South Pole Station – Ava reviews

South Pole Station

Author: Ashley Shelby

Salubrious, acerbic, hilariously funny, deleterious – such a conundrum of affect in one book about life, love and climate change at the furthest place on Earth – South Pole Station – this novel ran with the ethereal wolves and had my laughing, fascinated and bummed out simultaneously.  Entertaining and gloriously fun, informative and judicious, Ashley Shelby reminded me to Kurt Vonnegut at his best in Catch 22.  Fun witty and FUNNY!

As an artist, Cooper Gosling finds herself applying for the National Science foundation’s Artist & writers Program in Antarctica at the South Pole Station, a place where science geeks, and a various assortment of outliers and misfits congregate to work and play as they are loners and can answer the 500 questions required to be allowed into the program.  The questions are strange:  Do you have problems with authority (yes being the required answer): would you rather be a florist or a truck driver (truck driver); are you often sad (yes) – and yet Cooper is stunned when she passes the requirements and heads into the coldest place on earth with no sun for 6 months with a cadre of fellow Odd Ones.

Cooper is in an odd personal place.  Her twin brother David, a schizophrenic, has just committee suicide and her art is a non-event; she cannot grieve either.  So off she heads to the headquarters of Veritas Integrated Defense Systems (VIDS) headquarters who runs the show at South Pole Station.  Her father loved the adventures at the Pole; the Northwest Passage, Shackleton, Amundsen, Scott and gives Cooper a book on her way out, Aspley Cherry-Garrard’s The Worst Journey in the World.  Cooper takes it with her, hoping to feel something for her family as she goes Up Under.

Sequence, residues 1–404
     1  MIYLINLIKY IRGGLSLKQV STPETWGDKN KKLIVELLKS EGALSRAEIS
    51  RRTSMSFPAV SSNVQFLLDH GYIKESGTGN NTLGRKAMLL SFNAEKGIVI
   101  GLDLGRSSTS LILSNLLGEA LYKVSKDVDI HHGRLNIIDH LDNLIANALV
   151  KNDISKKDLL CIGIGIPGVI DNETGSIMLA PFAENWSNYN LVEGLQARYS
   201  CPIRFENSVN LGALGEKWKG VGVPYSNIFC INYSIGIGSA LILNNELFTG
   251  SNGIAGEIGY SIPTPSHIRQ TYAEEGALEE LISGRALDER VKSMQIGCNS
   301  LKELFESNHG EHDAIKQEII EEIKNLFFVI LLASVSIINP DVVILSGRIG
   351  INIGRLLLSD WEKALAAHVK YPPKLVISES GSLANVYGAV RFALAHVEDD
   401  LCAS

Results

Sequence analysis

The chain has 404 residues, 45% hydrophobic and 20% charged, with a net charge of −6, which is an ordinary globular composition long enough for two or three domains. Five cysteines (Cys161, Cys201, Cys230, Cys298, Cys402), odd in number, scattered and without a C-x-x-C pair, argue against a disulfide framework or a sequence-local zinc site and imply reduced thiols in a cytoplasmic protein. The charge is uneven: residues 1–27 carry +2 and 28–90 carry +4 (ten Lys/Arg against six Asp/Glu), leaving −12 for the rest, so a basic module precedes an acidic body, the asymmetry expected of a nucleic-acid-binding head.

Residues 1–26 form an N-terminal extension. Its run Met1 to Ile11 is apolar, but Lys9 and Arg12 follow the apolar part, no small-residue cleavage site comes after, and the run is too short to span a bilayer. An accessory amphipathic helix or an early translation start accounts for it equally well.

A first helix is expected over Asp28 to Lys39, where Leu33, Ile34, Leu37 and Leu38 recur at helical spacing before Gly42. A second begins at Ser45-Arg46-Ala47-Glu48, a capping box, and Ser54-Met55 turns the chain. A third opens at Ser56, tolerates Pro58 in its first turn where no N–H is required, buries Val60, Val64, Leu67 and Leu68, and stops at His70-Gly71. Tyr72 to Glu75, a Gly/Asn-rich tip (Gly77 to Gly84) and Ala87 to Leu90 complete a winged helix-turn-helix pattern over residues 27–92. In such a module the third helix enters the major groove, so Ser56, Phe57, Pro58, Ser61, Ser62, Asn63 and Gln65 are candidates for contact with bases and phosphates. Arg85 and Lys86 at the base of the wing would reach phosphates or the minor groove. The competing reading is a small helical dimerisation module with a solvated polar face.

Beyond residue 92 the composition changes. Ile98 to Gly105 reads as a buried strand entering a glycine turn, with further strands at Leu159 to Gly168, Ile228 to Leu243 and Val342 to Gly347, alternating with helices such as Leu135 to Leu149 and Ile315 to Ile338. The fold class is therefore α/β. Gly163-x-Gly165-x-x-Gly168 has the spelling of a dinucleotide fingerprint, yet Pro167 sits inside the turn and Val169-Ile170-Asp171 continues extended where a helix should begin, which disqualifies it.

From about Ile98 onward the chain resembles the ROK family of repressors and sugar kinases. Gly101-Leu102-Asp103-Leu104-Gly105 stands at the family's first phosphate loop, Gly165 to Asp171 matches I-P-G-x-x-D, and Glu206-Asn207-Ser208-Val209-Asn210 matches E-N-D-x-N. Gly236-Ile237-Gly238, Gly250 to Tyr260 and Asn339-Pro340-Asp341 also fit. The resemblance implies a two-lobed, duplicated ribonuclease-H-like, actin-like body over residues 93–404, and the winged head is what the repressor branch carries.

She succeeds at Fire School, the Denver training ground, and picks up her cold weather gear (ECW) and learns that the newbies are called Fingys and are required to go through infantile razzing before the winter people (people who have wintered there through 6 months of total darkness) accept her.

As Cooper finds her ice-husband, the son of a brilliant and famous scientist and climatologist, she wonders what and if she will be able to paint.  She befriends Tucker, the Afro American director of the station, and he becomes her mentor.  And she paints.  She starts out with a triptych of mittens, and then starts painting what become her dear friends and associates.  As Cooper bonds with some of the strangest people she has ever met, she finds another family at the South Pole and even with an unnecessary and somewhat tragic accident she is finally able to grieve David and find her place in the strange and marvelous activities at South Pole.  As she gets involved with the two theories – Creationism and the Big Bang, and her lover Sam’s alternate theory of collision of dimensions as the start of the earth, she quickly becomes the pivot point between the two.

Laughing out loud funny juxtaposed firmly against scientific theory, South pole Station is a delight to read and I hated putting it down at the end.  Luscious like tiramisu, tempting as a sunlight cruise, and funny as a Seinfeld episode, get your happy on with South Pole Station.

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